Keto and Autoimmune Disease

Keto and Autoimmune Disease

Here we are one month into 2021.  How has your health journey been going so far?  Are you sticking to the ketogenic lifestyle?  I have been following this lifestyle for over 3 years and have never looked back.  Let me tell you why.  I am a 21-year lupus warrior and I believe keto saved my life.

Nearly 3.5 years ago I was having one of the worst lupus flares of my life.  Something had to give.  I was seriously at the end of my rope.  After extensive research, I happened upon the keto diet.  The main takeaway for me was that I would be removing foods from my diet that was causing my body to have an inflammatory response.

Within 4 months my lupus went into remission.  It is not medically proven that keto put me into remission, but I am not changing a thing and my doctors agree.

Keto & Autoimmune Disease

For people suffering from an autoimmune disease that want to follow a ketogenic diet, the most important thing to realize is that they MUST be STRICT/CLEAN keto.  This is not negotiable.  If you do dirty keto you will not relieve any of your symptoms. Consuming foods that are considered inflammatory will continue to flare up your system.

An efficient immune response protects against many diseases and disorders. An inefficient immune response allows diseases to develop. Too much, too little, or the wrong immune response causes immune system disorders. An overactive immune response can lead to the development of autoimmune diseases, in which antibodies form against the body’s own tissues.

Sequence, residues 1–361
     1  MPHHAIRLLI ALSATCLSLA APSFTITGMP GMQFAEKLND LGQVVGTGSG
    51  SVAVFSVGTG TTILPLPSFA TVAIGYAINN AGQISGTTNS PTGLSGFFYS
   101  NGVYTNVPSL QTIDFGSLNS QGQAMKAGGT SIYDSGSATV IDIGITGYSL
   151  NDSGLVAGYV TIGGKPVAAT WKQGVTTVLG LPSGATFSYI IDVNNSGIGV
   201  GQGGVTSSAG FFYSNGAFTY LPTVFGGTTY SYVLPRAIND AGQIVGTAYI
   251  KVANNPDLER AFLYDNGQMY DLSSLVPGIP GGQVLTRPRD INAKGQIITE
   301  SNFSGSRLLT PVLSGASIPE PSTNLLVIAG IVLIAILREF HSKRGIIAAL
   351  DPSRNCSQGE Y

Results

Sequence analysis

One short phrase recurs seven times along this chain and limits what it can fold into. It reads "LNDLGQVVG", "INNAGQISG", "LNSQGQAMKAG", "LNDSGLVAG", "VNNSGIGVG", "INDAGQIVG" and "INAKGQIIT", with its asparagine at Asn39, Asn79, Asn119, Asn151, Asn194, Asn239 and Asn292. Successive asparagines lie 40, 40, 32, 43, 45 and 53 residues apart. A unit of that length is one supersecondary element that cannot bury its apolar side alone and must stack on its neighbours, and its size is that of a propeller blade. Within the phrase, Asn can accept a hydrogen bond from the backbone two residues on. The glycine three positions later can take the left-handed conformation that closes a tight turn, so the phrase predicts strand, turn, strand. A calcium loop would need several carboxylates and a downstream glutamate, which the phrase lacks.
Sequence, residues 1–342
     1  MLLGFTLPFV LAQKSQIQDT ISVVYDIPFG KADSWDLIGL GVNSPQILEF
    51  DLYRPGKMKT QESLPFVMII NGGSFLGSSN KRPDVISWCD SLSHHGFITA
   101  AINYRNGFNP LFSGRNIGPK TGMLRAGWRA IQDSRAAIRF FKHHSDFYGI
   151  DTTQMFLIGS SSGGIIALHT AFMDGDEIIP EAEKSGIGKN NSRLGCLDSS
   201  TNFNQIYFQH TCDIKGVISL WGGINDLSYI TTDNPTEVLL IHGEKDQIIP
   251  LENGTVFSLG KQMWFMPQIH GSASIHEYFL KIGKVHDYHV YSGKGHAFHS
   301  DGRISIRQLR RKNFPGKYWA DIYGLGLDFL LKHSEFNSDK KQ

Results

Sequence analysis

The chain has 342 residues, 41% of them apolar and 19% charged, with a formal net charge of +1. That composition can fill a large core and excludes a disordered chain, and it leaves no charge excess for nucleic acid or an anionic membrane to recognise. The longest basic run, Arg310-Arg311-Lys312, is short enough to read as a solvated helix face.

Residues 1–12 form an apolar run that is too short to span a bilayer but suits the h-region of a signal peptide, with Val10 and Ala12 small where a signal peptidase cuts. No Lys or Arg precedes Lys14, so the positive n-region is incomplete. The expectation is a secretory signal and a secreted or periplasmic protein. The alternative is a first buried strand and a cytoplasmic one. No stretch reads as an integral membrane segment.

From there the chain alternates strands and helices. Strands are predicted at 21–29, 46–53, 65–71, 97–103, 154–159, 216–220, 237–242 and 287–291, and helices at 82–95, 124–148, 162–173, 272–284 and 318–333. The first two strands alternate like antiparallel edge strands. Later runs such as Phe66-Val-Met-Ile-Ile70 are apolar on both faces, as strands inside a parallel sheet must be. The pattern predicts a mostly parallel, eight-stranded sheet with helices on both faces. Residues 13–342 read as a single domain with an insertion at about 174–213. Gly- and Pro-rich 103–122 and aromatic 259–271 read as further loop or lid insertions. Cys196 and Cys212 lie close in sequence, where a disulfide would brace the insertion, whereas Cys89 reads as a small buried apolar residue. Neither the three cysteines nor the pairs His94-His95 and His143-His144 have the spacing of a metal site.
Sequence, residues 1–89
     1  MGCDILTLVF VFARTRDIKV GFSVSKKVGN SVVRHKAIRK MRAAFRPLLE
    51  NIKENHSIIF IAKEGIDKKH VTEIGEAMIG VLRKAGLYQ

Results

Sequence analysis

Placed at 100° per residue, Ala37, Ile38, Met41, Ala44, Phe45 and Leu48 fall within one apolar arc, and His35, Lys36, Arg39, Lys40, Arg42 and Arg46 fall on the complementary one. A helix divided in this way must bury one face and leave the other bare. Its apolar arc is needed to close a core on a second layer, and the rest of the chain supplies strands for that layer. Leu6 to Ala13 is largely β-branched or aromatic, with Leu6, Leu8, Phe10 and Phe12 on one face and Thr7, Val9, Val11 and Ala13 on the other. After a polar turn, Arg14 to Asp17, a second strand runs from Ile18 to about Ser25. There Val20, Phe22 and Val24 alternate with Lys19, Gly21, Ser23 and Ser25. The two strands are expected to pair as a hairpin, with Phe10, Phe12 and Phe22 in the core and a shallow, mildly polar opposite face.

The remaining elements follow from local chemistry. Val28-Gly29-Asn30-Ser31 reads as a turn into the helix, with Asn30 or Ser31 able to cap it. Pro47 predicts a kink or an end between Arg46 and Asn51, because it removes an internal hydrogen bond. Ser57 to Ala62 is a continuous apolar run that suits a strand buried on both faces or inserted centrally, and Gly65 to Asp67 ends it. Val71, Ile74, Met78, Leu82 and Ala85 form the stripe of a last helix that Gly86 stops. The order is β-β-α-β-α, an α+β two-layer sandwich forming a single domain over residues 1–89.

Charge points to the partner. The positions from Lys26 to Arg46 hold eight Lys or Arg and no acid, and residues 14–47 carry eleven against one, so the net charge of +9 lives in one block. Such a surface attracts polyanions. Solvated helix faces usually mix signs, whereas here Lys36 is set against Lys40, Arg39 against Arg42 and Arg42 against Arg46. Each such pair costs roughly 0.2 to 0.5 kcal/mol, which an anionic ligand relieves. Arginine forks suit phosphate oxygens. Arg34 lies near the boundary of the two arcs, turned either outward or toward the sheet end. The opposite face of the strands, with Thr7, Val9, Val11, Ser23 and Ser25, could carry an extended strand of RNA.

The inflammatory response (inflammation) occurs when tissues are injured by bacteria, trauma, toxins, certain foods, heat, or any other causes. The damaged cells release chemicals including histamine, bradykinin, and prostaglandins. These chemicals cause blood vessels to leak fluid into the tissues, causing swelling.

Many people that begin a ketogenic lifestyle do so for weight loss.  These people as long as they do not have an autoimmune disease can follow a dirty keto diet with no repercussions.  They do not have the additional diagnosis.  Eating the restricted foods, while staying under their net carb intake will not cause their body to harm itself.

Do not get me wrong, these same people would benefit greatly by following strict keto as well.  Their body has the same inflammatory response, it just is not debilitating to them.  They will still feel sluggish, mentally cloudy, swollen gut, and much more.  Their bodies will be running on fat, therefore burning fat and they will lose weight.  They will be happy.

Autoimmune people will be feeling great!  None of the side effects from the restricted foods AND weight loss!  Another very important thing to remember is that the amazing benefits of following a keto lifestyle will not happen overnight.  Slow and steady wins the race.  If you try this lifestyle for 3 days and feel no difference, do not quit!

It takes about 4 weeks for your body to rid itself of all the toxins you had been putting into it.  At that one-month mark, if you follow keto to the letter you will be feeling like a new person!  This will make it easy for you to make keto a lifestyle choice instead of a diet.  Seeing and living the benefits will become the only way you will want to live.  You will immediately recognize how horrible a cheat makes you feel, therefore, making the ketogenic lifestyle the best for you!

References: medlineplus.gov

Guest Blogger: Daniellle Turco 

Danielle is an over 20-year lupus warrior that is currently in remission. She suffered for many years wondering what was wrong with her. After many misdiagnoses, lupus was finally confirmed through routine bloodwork while pregnant with her son. She has spent many years figuring out what works for her and what does not. Danielle thrives on helping others and advocating for her community. She is a Certified Keto, Health & Life Coach an RYT 500 Yoga Instructor, and Certified Personal Trainer. Danielle lives on Long Island with her husband Keith, their 2 children James and Noelle and Teddy Bear dog Augie.